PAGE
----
Named Ben Thanh after the port by the Gia Dinh citadel, the original market was destroyed in 1870. The market you see in the photo has been here for about 100 years and was renovated in 1985. It is one of the major tourist attractions of the city selling handicrafts, textiles, ao dai, souveniers and local cuisine. It is also a major hub for the network of city buses that serve Ho Chi Minh City.

Cu Nhac Circle

Cu Nhac Circle

Across from Ben Thanh Market and seen in the previous photo is Cu Nhac Circle. This area used to be a swamp and Mr. Cuniac proposed filling the swamp and creating this area. Cu Nhac Circle is named in his honor.

Outdoor cafe in Saigon

Outdoor cafe in Saigon

There are smart outdoor and indoor cafes all over Saigon. Having a coffee and getting together for a chat is a commonplace activity.

Skyscrapers and business buildings

Skyscrapers and business buildings

Fashionable buildings make up the downtown section of Saigon with its wide streets and garden areas.

Saigon Opera House

Saigon Opera House

Here is another example of French Colonial architecture in the downtown area mixing the old with the new. Built in 1897 by French architect Eugene Ferret and initially criticized as being too ornate, this 800 seat building was used as the home of the Lower House assembly after 1956. It wasn't until after 1975 that this building was again used as a theater, and it was restored to its original look in 1995.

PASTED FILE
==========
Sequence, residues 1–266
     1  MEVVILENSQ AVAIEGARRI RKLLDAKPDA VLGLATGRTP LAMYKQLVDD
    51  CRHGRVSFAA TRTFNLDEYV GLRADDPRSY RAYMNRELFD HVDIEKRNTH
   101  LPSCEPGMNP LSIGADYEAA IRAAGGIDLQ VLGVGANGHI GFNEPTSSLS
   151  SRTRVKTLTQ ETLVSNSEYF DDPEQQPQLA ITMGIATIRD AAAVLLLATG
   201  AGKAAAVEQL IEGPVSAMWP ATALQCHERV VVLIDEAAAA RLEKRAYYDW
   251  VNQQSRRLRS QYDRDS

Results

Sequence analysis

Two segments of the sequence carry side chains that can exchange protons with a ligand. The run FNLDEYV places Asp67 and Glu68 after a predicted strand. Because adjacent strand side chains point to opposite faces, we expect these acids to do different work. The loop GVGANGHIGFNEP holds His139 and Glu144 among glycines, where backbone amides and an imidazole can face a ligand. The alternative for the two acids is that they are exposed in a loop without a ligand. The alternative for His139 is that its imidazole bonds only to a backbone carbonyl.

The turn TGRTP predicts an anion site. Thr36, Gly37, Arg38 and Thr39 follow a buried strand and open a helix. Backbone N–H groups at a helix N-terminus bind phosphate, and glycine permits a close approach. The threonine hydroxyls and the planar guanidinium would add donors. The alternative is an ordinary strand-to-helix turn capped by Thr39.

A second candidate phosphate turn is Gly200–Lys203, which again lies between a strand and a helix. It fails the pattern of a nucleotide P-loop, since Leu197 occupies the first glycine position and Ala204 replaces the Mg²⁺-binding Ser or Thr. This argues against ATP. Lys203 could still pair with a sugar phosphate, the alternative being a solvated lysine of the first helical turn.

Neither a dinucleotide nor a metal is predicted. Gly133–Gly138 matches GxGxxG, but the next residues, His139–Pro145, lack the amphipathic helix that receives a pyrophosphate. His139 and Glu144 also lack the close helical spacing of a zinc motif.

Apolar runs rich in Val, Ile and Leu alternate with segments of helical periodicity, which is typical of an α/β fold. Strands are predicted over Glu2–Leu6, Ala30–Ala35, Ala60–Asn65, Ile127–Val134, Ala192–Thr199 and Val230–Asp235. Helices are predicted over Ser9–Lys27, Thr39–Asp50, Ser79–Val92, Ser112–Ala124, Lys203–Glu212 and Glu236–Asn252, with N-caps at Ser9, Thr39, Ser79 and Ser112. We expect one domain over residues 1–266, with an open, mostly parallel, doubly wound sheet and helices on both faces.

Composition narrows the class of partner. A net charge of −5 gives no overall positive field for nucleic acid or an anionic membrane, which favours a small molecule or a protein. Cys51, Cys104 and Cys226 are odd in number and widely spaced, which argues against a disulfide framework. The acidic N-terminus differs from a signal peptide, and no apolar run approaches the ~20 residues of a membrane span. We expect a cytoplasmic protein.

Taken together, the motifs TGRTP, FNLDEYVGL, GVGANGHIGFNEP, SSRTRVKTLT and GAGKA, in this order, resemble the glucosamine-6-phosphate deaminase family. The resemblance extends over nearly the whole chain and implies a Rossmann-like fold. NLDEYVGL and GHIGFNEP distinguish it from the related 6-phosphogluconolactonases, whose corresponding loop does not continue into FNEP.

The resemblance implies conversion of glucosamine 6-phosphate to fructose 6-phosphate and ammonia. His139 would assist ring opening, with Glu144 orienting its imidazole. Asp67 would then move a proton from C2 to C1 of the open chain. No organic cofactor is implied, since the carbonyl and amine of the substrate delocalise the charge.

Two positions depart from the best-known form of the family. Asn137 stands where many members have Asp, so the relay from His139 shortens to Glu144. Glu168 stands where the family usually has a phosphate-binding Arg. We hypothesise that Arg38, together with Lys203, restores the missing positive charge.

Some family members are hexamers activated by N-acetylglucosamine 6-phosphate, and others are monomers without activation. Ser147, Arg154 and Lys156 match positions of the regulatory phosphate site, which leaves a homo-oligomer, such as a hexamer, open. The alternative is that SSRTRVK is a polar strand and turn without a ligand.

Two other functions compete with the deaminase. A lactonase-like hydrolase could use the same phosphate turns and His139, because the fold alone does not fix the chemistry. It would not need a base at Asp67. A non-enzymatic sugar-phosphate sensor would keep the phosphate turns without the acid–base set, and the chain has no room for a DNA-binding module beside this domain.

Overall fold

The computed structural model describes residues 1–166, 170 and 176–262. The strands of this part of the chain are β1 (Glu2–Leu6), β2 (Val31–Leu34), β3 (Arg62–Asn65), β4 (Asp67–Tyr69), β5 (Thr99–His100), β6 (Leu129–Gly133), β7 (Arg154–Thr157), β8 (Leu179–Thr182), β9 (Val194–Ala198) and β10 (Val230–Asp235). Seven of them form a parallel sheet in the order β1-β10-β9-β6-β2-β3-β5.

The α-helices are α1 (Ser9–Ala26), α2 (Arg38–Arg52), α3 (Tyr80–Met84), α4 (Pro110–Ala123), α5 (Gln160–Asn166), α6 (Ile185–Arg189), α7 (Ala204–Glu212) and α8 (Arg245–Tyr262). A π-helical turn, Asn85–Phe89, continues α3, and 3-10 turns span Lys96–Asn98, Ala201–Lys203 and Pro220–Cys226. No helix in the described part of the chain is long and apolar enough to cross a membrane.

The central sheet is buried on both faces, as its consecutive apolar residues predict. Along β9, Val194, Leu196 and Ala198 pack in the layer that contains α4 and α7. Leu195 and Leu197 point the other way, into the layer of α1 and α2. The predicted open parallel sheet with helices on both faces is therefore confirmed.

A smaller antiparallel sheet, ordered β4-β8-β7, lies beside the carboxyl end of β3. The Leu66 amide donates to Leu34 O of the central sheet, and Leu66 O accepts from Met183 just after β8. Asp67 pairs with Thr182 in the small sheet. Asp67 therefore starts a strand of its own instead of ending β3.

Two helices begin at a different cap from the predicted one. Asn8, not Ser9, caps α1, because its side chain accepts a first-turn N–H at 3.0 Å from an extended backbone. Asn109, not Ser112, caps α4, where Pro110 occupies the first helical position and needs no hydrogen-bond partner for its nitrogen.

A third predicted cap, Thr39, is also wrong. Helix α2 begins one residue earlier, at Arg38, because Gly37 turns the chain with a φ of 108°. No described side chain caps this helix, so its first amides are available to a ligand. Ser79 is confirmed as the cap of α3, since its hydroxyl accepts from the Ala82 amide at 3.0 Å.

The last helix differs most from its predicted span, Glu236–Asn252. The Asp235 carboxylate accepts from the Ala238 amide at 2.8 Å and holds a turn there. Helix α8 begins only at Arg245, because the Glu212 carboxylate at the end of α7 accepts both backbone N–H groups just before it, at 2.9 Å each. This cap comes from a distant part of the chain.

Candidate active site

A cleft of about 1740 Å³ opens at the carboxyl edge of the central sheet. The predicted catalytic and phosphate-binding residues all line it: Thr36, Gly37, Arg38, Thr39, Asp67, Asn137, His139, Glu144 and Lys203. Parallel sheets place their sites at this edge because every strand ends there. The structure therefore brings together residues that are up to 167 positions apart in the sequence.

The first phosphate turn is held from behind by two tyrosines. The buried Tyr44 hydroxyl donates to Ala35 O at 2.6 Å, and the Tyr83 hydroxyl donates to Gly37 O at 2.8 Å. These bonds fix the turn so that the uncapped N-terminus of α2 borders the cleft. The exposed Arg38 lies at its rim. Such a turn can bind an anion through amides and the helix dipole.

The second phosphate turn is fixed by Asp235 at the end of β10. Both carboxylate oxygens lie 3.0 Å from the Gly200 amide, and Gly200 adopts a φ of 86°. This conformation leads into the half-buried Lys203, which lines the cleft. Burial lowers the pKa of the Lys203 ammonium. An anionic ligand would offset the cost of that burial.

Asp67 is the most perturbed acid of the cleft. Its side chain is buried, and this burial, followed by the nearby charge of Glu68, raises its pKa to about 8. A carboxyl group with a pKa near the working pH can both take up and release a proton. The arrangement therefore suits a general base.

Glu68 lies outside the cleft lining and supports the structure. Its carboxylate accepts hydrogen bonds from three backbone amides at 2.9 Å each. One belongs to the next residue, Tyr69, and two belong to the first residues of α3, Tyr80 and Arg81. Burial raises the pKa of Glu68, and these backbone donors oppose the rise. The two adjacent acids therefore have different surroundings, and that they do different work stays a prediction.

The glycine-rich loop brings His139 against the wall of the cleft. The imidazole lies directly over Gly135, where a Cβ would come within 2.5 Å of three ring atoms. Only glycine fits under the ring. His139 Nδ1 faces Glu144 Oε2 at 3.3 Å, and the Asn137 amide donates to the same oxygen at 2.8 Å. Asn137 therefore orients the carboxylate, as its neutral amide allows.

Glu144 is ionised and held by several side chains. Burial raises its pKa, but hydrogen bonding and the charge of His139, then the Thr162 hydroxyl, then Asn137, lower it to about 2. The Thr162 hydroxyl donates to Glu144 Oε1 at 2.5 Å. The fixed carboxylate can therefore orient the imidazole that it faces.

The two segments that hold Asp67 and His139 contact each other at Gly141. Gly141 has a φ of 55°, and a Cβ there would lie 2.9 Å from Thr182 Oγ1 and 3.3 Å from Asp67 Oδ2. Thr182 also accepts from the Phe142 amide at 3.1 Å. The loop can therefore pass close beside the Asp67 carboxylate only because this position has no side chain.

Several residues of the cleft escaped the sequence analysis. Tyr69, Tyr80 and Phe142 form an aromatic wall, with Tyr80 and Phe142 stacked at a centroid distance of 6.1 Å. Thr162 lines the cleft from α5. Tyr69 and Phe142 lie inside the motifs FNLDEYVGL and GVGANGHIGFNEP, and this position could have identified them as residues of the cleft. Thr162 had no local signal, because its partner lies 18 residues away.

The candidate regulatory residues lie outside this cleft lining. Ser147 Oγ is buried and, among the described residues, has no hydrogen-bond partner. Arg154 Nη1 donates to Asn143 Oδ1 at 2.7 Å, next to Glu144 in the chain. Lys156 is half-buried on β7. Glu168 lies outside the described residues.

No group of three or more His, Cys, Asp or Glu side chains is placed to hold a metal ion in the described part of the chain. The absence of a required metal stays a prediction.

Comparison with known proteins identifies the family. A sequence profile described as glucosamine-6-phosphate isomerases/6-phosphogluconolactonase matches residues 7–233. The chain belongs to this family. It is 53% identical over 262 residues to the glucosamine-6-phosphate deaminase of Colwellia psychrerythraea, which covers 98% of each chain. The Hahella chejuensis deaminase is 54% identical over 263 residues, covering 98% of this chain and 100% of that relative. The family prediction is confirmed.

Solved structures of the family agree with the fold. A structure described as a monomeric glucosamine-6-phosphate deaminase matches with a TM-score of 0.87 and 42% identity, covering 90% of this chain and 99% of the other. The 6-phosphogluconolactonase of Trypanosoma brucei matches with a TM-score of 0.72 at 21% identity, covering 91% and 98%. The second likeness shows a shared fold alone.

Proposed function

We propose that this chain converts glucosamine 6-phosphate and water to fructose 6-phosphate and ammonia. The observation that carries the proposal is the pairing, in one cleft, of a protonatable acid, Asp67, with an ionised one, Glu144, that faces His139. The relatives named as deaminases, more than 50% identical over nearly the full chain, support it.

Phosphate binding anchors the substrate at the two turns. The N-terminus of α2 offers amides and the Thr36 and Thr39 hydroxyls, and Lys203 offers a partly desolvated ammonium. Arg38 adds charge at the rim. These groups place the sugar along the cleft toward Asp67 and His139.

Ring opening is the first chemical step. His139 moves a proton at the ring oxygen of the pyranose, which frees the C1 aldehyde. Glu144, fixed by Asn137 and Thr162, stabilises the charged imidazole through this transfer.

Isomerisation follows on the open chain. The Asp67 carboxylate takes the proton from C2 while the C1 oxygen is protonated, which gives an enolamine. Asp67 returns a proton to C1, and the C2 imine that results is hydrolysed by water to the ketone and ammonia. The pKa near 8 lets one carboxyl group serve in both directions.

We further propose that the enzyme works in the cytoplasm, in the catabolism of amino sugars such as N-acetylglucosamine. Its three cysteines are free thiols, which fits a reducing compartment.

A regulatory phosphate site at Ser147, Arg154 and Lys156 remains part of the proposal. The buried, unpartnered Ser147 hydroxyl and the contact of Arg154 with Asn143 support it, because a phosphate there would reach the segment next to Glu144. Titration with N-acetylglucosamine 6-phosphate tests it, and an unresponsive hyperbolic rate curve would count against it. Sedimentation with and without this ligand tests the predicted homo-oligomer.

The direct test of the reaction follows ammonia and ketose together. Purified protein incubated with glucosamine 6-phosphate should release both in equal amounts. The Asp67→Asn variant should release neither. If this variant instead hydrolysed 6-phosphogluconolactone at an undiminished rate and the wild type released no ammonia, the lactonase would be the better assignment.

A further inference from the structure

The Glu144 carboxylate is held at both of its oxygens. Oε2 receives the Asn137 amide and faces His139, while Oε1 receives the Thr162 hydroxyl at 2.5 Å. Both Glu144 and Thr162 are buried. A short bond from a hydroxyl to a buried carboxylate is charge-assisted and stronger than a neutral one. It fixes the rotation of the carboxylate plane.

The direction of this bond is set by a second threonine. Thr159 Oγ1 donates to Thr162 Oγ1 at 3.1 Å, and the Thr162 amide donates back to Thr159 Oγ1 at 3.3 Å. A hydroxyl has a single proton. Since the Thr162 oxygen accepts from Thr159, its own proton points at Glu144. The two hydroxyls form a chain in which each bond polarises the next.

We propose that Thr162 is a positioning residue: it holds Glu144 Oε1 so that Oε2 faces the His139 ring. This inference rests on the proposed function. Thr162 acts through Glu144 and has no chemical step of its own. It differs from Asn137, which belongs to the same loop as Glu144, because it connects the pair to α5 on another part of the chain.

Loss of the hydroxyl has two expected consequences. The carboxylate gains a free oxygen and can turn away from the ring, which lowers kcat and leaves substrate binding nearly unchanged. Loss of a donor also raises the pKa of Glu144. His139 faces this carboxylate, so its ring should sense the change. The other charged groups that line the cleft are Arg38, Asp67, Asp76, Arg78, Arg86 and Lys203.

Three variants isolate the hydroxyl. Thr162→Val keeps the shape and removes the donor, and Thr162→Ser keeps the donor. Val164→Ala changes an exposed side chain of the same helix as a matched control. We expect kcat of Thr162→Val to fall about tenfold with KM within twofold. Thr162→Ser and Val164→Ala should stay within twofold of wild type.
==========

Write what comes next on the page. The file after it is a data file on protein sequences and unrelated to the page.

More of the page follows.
The Caravelle Hotel, just behind the Opera House, was opened to the public in 1959. It has been featured in novels and was a noted location of communication in the Vietnam War.

Entrance to the Caravelle

Entrance to the Caravelle

On the morning of August 25, 1964, a bomb exploded in room 514 on a floor that was occupied mostly by foreign journalists who were all on war assignment. Nine rooms were damaged and windows blown out of several cars parked in the street but there were no fatalities.

In 1975, after Saigon had fallen (or "liberated" depending on whether you are from the North or the South of Vietnam), the hotel was taken over and operated by the government. It was renamed Independence Hotel and kept this name until 1998 when the Caravelle name was relaunched. 

 

View of the street from the Opera House

View of the street from the Opera House

You can see the heli-pad at the Bitexco building here in the center of the photo. The streets are pleasant and nearly car free.

Union Square

Union Square

Union Square is a landmark in the Central Business District. It was originally a new part of Vincom Center, the shopping mall across the street, but was later sold and is now an independent mall in a prime location. Home to a wide range of foreign luxury brands, it also carries a mix of everyday brands from Vietnam and beyond.